From: email@example.com (Joanne or Chuck)
Only in case of formidable invasion by Indians were the men to be taken out of
their counties...The Indians had changed considerably. They were now dressed
in clothes, were all well armed and, with their usual activity and
sagacity, moved faster than in the old days and hid their tracks
better. They could hardly be surprised, and when surprised, or in surprising our scouts,
they were more daring and braver, at least at the onset, than of old.
Small parties of men had frequent encounters with small parties of
Indians; the losses on each side were about equal.
Ramsdale served a term of twenty-two days and was paid at the rate of
two dollars (Confederate) per day.
In 1866, Ramsdale moved his family to Wise County, Texas and stopped
near the settlement of Boyd's Mill, about two and one-half miles
southeast of present-day Aurora, Texas. Family tradition says he had
first seen and liked the land while taking a herd of cattle north to
Kansas (Also, his sister, Mary Ann and her husband, W.W.O Stanfield and
family had settled first in Denton County, then Aurora in the mid to
late 1850's). The family camped under a tree until he had time to build
their first Wise County home, a one-room log house. He settled near a
cool spring which ran year-round and soon created a small lake by
damming the stream which ran from the spring. Into the lake he
introduced a type of German carp until then unknown in the area.
Soon after arriving in Wise County, Ramsdale and his neighbors
recognized the need for a leather supply in their community. He and
some friends decided to open a tannery. In 1867, the tanyard was built
below the dam on his farm. Many of the needed hides came from cattle
which were too weak to continue north on the trail drives which passed
through the area. The men buried the untanned hides for a few days
until the hair came off easily and then dried them thoroughly. Later
the hides were oiled and "worked" until they became soft and pliable.
Ramsdale was well-known throughout his community because of a trip he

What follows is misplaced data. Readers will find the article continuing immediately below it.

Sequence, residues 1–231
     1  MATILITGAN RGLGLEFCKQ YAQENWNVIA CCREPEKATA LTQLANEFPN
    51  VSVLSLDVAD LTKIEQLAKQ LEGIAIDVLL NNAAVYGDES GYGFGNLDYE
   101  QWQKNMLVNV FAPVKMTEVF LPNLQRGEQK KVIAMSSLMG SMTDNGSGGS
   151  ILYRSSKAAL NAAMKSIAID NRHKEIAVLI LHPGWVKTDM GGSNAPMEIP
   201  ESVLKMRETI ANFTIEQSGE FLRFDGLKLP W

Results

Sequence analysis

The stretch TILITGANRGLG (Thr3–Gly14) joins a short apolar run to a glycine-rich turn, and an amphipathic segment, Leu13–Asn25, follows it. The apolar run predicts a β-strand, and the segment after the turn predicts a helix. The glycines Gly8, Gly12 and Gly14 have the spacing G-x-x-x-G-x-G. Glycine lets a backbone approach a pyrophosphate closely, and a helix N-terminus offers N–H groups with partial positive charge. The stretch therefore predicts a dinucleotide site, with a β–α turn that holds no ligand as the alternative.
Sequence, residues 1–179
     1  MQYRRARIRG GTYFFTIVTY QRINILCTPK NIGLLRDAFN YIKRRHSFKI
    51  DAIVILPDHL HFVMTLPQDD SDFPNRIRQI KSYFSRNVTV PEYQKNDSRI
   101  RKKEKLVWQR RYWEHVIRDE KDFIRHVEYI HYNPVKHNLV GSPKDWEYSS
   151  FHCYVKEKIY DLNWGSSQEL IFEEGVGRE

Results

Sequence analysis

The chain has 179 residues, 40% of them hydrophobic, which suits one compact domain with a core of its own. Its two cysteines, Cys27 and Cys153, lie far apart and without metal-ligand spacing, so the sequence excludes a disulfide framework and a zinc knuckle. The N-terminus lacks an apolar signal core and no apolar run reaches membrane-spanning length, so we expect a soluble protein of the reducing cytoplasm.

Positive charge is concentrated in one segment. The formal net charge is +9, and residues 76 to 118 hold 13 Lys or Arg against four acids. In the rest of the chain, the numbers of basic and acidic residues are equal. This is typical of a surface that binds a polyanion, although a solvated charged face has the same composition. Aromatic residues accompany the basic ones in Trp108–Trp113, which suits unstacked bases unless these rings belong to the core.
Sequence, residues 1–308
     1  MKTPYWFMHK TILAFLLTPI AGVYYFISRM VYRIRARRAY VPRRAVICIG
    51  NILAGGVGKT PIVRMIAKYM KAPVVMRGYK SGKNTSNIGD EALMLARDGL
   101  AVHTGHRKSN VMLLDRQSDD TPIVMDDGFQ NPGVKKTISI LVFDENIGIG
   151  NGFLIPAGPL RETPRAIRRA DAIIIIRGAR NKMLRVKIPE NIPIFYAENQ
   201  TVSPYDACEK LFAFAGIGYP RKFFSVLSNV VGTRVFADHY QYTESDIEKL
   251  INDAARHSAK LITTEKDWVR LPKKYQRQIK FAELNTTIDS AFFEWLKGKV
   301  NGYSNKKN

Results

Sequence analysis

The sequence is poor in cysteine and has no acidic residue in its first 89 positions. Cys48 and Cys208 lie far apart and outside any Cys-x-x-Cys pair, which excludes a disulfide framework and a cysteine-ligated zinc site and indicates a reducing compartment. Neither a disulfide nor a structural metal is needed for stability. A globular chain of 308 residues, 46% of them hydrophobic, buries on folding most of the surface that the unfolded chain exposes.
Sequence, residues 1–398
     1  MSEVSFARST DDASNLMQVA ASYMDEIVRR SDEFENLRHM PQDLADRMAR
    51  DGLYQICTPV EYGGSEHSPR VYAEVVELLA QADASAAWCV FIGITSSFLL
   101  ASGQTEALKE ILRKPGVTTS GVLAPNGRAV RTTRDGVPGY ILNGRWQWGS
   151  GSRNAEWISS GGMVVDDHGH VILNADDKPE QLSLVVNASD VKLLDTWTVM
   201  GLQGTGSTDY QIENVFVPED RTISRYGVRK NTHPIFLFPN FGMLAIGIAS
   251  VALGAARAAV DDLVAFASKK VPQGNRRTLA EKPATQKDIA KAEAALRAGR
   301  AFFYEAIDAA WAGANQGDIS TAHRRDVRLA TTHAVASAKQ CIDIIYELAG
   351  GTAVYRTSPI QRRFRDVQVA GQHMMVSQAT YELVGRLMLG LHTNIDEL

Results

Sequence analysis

made to Houston, Texas to bring back the mill machinery for John G.
Boyd's mill. The trip required ninety days of travel, and sixteen oxen
were needed to pull the machinery back to Wise County. While he was
gone, Mrs. Ramsdale received word that her husband had died. She
received a letter from him a few days later, but she was unconvinced of
his safety because she realized the letter could have been mailed before
During the time he was away, his son, James, was accidentally killed on
a Sunday morning while Mrs. Ramsdale was at church. George Ramsdale
kept his rifle hanging over the window of his home; one of the Ramsdale
brothers climbed in a chair to reach it. While he was climbing down,
the gun went off accidentally and the bullet struck James. He was
buried in the now-abandoned Teague Cemetery, south of Aurora. His grave
is marked only with a field stone with no readable inscription. Family
tradition say two other Ramsdale children lie buried there also. They,
too, lie in unknown graves.
On Oct. 17, 1873, Ramsdale filed his application for pension to the
State of Texas, based upon his service in the Texas Revolution. On
September 4, 1874, his application was approved at the rate of $250 per
year. On August 5, 1878 and Jan. 9, 1879, Ramsdale was issued
certificates in which the state said the money appropriated for pensions
had been exhausted and his money could not be paid. He gave power of
attorney to James Dowell to sell his pension warrants for whatever they
By 1880, Ramsdale's home community was identified with the new town of
Aurora; the area had formerly been known as Boyd's Mill. He moved away
soon, however, a short distance to the Paradise community where one of
his son's was already living. Family traditions say he intended to move
to New Mexico, but that he died while visiting his family in Paradise.
The Wise County Messenger in 1884 reported that Mr. Ramsdale, "an old
citizen of this county and a Texas veteran, died at his home in Paradise
on the 17th inst." He was buried in Paradise Cemetery.
After his death, George Ramsdale's widow, Betty, and several of the
children did move to New Mexico. Elizabeth Ramsdale died in 1909 in
White Oaks, New Mexico; her body was brought back to Paradise for burial
beside her husband.
George and Elizabeth Ramsdale's children:
Name 1850 Census 1860 Census 1870
Census 1880 Census Misc. sources
John F. b.1843 b.1843
b.1844 ---- ----
Samuel A. b.1845
William B. b.1847 b.1846 b.
1849 ---- gravestone says
b. Nov. 30, 1845, d. Feb. 25, 1899
George Moore b. 1847 b. 1848
---- ---- ----
Thomas E. b. 1849 b. 1850
b.1853 ---- gravestone says
b. 1851, d. 1873
Elijah E. b. 1851 b.
1851 b. 1851 ----
b. Mar. 3, 1851, d.Apr. 3, 1923
Marion C. b. 1854 b.1854
b. 1855 gravestone says
b. Aug. 16, 1854, d. 1899
Malinda Ellen ---- b.
1856 b.1857 ---- Pegue's
book says b. 1857
Francis C. ----
b.1859 b.1861 b.1860
---- b.1864 b. 1863
I have more tidbits of information about George Ramsdale and family,
along with the Bibliography and footnotes of the above article. I also
have a photograph of George and his wife and son, Jerimiah, but do not
have the equipment to share it online--yet. Feel free to contact me at